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Identification Labels

Types of identification labels

Labels can be made of paper, vinyl, anodized aluminum, plastic, or annealed (soft) aluminum.

Paper is best for casual use, and it's particularly useful when you're going to be writing on at least part of the label yourself (rather than having all content pre-printed). 60 lb. paper is the usual standard, although thinner doesn't always mean worse, as thin labels can be more difficult to remove. Word processing programs like Microsoft Word and OpenOffice as well as graphic design programs like Adobe Indesign and Quark have templates that make designing your own labels a quick process, for users with that expertise. Using preprinted labels that you can print your own content onto combines the best of both worlds: customization and a professional look.

Vinyl is similar to the stickers we know from childhood – it's relatively flexible and very thin, which (like paper) makes it hard to remove. Vinyl labels are often though not always shiny, and relatively difficult to write on – but in cases where defacement might be a concern, that can be a feature and not a weakness! Vinyl labels also stick well to most clothing and irregular shapes.

When metals are exposed to oxygen, their surfaces react by gradually developing a layer of oxidized metal that only becomes visible by very small degrees – think of the green surface of old copper. In the case of aluminum, that oxidization process can be sped up using electricity – or anodization – so that the material actually becomes more durable and less prone to corrosion.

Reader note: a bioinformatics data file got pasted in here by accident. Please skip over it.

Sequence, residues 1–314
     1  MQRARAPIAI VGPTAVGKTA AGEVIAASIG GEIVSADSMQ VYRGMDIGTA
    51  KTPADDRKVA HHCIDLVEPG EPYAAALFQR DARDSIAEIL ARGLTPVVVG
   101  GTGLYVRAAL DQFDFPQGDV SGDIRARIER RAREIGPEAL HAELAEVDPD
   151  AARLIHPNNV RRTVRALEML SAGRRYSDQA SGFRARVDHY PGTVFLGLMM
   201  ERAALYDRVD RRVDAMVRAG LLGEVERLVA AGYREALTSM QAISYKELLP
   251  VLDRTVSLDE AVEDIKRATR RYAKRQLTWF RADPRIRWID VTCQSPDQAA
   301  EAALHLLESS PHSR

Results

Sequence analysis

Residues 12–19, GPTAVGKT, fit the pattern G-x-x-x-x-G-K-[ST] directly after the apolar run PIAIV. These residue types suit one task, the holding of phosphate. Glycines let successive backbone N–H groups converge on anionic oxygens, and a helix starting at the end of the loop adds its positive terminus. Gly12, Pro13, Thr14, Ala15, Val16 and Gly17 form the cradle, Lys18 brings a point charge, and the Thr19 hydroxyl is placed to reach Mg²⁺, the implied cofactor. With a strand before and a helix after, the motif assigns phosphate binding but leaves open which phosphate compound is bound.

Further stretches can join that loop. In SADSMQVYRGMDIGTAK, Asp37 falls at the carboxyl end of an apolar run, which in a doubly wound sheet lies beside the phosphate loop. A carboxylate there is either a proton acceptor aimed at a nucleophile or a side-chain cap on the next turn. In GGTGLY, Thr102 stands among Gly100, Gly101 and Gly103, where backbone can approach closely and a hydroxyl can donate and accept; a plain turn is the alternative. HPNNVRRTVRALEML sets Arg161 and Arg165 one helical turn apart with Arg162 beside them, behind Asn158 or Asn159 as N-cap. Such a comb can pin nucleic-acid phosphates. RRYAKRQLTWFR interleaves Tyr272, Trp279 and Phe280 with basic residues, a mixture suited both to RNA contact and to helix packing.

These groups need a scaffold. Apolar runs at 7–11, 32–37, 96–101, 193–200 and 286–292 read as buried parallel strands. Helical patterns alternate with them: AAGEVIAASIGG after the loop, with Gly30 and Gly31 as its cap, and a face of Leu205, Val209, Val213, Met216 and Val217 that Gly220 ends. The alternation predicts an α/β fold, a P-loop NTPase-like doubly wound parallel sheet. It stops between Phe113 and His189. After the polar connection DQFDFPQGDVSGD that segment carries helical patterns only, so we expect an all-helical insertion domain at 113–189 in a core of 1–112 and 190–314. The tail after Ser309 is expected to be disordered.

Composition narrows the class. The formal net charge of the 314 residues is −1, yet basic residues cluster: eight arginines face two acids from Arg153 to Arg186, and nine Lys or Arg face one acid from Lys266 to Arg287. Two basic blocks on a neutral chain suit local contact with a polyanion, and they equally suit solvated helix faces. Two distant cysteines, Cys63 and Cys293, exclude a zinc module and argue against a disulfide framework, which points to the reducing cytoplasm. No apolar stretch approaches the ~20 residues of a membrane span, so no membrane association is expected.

Anodized aluminum takes printing and color much better than plain aluminum, and it's one of the more common identification label materials, particularly for barcodes. How long these labels stay attached to their surface depends on the quality of the adhesive, and whether that adhesive is given the appropriate curing time on that surface. This process was first used on an industrial scale in the 1920s, to treat seaplane parts made from Duralumin, an aluminum alloy – so when you buy anything made from anodized aluminum, just think of it as a distant cousin of the famed Boeing 314 Clipper.
Anodized Aluminum Labels
Your anodized aluminum asset tag’s great-great-great-great-great grandfather.
Annealed (heat-treated) aluminum, on the other hand, is thin and flexible like vinyl but malleable, and perfect for irregular surfaces. Although it can be metallic-looking, like anodized aluminum, annealed aluminum alloys take on pigment better than the untreated metal. It's typically used for shapes like cylinders for which a flat, anodized label wouldn't be appropriate.
 
ID labels for Corporate Use
Identification labels
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2D asset tags
 
2D asset tags
 
Aluminum tags
 
Aluminum tags that
won’t come off
 
Track your assets
 
Track your assets
 
Easy barcode labeling
 
Easy barcode labeling